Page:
In the coming year substantially more mergers will occur between public transport operators, expects accounting and consulting firm KPMG. The increasing liberalisation of public transport and expansionism of the privately managed public transportation sector parties are seen as the main drivers.
KPMG notes that currently two important trends are visible in the international public transport. “In the first place, deregulation and privatisation of the existing public transport and infrastructure are becoming increasingly common. Many national governments are pointing their vision on the public sector as a result of budgetary constraints to save costs and to improve performance,” says Herman van Meel, Partner at KPMG specialised in transport & logistics.
“In addition, the huge urbanisation, especially in the emerging markets, creates an unprecedented demand for investments in new urban public transport. Many of the needed investments in new transport systems will be contracted to the private sector, either through the principle of design, construction, financing, execution and maintenance, or through separate contracts for execution and maintenance.”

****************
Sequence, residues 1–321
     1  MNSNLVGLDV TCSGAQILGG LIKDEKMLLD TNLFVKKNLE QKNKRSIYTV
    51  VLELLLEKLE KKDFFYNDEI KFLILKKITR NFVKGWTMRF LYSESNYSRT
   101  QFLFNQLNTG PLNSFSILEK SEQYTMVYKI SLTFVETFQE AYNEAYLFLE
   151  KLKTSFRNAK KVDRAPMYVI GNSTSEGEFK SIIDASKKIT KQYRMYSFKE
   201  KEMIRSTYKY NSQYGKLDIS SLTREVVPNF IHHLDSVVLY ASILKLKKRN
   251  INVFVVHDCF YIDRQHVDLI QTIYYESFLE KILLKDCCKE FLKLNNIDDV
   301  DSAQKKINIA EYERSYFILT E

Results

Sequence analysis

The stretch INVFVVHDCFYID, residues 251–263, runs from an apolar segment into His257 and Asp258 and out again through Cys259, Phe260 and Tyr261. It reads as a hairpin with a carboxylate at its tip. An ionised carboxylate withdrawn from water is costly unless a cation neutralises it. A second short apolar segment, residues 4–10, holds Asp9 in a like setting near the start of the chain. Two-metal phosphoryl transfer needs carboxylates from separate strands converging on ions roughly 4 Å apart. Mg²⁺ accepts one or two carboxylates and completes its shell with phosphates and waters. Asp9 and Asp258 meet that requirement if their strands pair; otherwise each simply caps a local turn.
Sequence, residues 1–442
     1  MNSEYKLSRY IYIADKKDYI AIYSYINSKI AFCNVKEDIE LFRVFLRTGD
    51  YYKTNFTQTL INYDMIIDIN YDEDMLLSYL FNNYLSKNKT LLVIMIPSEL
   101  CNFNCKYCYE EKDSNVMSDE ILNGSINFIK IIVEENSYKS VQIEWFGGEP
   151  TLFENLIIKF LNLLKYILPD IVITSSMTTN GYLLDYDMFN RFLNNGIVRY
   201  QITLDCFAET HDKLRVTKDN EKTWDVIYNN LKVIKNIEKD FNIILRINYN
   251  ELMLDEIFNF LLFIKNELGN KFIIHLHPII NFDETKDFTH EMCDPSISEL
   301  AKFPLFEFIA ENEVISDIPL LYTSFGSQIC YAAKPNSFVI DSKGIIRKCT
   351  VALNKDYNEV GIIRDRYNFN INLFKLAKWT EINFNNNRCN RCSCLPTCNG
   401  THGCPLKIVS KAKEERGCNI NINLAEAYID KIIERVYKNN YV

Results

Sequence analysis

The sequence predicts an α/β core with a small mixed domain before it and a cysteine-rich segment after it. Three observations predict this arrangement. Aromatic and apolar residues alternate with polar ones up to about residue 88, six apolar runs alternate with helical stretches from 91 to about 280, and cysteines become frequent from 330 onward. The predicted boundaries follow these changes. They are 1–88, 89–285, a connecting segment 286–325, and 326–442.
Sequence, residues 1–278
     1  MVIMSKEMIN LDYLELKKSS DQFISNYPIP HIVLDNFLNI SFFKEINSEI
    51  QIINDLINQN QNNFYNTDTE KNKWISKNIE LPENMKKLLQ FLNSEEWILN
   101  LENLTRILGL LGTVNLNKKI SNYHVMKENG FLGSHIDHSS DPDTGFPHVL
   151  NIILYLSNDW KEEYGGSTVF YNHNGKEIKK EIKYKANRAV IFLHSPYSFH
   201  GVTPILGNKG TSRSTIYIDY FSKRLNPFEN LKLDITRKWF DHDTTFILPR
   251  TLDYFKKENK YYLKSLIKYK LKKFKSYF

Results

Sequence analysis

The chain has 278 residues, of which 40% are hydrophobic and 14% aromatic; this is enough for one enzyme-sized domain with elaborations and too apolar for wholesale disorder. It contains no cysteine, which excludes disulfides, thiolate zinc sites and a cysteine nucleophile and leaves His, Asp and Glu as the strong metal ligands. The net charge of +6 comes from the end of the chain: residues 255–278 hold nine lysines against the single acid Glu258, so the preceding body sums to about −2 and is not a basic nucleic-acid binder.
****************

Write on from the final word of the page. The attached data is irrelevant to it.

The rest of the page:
At present day, the market has totally different strategies in place when it comes to these two trends. The German Deutsche Bahn, for instance, choses to focus on the European market, which is in contrast to the French players, says Van Meel. “In France for instance, the three largest players have chosen for a worldwide approach. To come to an international portfolio with enough balance between mature and emerging markets, they have pulled out of a number of European countries that in their eyes did not experience enough growth, and expanded their activities mainly in Asia, North America and Australia. To enter these markets, many companies will be forced to merge with foreign players, especially if they want to enter emerging markets, such as China, India and Brasil.”
At the same time, experience shows that entering the public transportation market is not an easy job to do, especially as a result of the special characteristics of the transport sector and the current pressure on national governments, explains Van Meel. “Apart from the fact that 'value for money', innovation and quality of services are very important, many governments chose to trust their ‘baby’ only to renowned companies which reduces the ricks of failure to the minimum.”